Chronology. Another way that you can tell your story is through the chronology of events. Start your story at the beginning and work your way backward in time. If your story takes place in the future, start it a few decades in the past and work your way backward in time.
Limit the arrogance in your characters.
Some of the most interesting characters are the ones that are the most self-centered. This is because we as readers want to feel something for these characters. If the reader feels nothing for these characters, then they are not going to care what happens to them. If the reader wants to turn the page and find out what happens next, then you have done your job well. There are ways to show your characters’ arrogance without actually saying it. They could be as simple as not showing it. Always remember that your characters are people, not plot devices. Make sure you show your characters’ frailties, not their weakness. Make them human.
Avoid overly dramatic or aggressive character arcs.
There is nothing wrong with having an over-the-top character in your story. They can be lovable, cuddly, or a complete enigma. There is, however, a difference between having a character that people can love and one that people want to hate. Overly dramatic characters usually have a cause for their angst. Tense, dramatic characters often let the author get away with things that the other characters would not. Angry, dramatic characters are often very difficult to write. They also tend to be short-lived, so you need to be careful with how often you add them to the story. You also don’t want to make your main character an overly dramatic one.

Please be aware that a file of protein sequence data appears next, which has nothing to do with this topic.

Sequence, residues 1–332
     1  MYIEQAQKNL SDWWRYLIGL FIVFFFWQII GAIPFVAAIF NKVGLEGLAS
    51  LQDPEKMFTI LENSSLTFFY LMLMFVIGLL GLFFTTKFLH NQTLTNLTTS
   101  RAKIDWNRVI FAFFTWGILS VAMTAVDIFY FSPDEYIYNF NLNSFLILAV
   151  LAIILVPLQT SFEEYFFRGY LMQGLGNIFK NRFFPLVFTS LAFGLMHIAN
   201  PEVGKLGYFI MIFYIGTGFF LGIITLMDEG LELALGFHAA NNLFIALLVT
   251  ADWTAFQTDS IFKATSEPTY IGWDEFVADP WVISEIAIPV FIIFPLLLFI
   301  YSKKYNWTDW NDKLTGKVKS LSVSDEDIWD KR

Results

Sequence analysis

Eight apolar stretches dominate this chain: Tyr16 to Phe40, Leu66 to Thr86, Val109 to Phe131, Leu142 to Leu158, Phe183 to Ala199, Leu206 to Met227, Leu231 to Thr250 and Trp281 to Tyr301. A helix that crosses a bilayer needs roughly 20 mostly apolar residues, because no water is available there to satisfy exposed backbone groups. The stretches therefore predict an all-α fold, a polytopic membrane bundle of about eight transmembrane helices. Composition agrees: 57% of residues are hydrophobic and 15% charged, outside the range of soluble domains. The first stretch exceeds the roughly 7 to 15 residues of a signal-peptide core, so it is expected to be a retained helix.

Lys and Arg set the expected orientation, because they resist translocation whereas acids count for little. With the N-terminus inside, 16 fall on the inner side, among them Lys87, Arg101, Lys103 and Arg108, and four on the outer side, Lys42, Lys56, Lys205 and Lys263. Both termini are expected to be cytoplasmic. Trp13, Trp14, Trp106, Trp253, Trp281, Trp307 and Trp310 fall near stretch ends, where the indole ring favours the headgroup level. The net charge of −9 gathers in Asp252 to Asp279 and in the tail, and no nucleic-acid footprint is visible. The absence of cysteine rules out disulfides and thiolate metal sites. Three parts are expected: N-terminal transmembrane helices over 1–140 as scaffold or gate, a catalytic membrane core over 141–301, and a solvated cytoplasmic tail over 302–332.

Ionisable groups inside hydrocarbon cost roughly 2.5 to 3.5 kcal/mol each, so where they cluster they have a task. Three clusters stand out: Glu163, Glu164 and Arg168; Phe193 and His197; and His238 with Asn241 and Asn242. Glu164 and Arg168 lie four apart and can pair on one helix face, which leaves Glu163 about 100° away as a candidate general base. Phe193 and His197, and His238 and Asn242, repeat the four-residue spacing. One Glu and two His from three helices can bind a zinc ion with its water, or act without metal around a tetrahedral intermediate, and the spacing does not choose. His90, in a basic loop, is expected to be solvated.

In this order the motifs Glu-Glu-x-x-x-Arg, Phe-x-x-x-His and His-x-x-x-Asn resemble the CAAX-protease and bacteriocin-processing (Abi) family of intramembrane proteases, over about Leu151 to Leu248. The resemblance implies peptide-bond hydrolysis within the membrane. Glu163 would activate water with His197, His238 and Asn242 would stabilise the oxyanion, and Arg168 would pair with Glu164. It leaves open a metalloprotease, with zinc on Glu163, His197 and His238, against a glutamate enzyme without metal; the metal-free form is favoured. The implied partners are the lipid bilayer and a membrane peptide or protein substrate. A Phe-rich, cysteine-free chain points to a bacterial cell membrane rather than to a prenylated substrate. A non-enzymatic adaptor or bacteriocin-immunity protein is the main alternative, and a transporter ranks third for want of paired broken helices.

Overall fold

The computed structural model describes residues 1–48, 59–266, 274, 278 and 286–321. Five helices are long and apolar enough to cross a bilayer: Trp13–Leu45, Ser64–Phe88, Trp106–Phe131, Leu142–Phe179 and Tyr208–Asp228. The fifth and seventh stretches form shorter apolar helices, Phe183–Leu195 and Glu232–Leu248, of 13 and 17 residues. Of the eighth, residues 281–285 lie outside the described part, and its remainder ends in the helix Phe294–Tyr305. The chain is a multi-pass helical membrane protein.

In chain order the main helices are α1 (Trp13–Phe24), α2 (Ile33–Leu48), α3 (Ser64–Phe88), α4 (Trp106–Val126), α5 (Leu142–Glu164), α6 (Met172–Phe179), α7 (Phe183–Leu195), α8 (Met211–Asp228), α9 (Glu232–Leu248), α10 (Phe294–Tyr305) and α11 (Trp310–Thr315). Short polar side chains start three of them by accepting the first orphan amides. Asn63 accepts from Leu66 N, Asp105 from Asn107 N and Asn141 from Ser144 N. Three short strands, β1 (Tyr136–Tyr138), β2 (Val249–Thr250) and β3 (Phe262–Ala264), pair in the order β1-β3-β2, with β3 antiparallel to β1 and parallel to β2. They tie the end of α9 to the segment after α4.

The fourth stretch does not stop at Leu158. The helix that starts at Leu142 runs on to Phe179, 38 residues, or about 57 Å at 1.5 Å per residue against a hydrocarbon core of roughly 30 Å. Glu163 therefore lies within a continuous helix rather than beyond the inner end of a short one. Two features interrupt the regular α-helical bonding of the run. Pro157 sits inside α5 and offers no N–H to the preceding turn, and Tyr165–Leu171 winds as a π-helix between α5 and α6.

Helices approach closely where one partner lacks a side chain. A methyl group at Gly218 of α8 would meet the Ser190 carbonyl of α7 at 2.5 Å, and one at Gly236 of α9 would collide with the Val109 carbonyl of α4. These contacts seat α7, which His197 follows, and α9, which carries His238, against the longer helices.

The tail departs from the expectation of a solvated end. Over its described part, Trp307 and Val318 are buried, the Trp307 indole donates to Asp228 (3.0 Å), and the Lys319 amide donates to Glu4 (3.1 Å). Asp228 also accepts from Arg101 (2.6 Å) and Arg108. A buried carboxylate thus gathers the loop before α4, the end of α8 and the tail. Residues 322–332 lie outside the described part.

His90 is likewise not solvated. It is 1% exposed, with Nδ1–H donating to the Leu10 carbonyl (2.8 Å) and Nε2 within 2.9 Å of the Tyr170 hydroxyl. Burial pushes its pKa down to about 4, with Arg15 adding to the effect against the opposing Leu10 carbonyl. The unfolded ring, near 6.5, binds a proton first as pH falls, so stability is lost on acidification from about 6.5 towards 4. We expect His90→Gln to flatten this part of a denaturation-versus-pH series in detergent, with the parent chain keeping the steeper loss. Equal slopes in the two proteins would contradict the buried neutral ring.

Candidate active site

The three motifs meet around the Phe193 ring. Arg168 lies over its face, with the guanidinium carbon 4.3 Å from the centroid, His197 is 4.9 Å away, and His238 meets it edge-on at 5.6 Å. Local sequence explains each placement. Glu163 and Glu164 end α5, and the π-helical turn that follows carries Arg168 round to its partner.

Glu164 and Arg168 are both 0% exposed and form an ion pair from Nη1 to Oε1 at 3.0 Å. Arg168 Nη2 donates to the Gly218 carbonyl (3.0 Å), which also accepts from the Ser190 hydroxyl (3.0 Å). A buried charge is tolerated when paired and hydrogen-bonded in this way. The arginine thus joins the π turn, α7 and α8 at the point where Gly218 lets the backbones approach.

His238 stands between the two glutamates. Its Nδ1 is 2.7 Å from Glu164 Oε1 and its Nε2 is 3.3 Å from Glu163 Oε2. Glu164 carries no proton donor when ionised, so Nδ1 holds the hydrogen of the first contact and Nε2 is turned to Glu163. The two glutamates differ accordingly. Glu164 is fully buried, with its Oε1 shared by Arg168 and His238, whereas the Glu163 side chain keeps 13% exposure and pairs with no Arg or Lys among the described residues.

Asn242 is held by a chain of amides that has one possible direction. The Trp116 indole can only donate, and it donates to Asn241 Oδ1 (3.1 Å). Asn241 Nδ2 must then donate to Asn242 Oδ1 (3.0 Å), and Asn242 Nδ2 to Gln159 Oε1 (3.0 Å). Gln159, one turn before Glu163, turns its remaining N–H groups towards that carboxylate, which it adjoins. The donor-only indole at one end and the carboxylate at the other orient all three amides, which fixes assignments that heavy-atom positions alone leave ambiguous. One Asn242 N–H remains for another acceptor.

Show, don’t just tell.
As we have seen, there are a number of ways to avoid sounding as though you are boasting or trying to show off. There are a number of ways that you can keep your character’s behavior within the realm of reality. When you set up a plot, you need to make sure that it follows through. If the reader is going to be witnessing a major character change, then the change needs to be credible. In order for a change to be credible, it needs to have a reason, a cause, and an effect. The reason for the change needs to be based on some underlying theme in the story. For example, if the character is going to become an outlaw, then it would make sense for that to be the cause for their change in behavior.
Creating characters who are believable and within the realm of possibility can be a challenge. You need to be careful not to sound arrogant while doing this, though, because this can affect the whole story. To create a character that is both realistic and arrogant, avoid doing things that sound too good to be true, such as: Not using logic in your character designs. Not being conscious of how you show and tell your story. Not showing your main characters in the now. Being too dramatic or aggressive with character arcs. And last but not least, show, don’t just tell. Making your characters believable will help you make them more realistic and three-dimensional. This can then lead to more realistic characters in turn, and a more realistic story.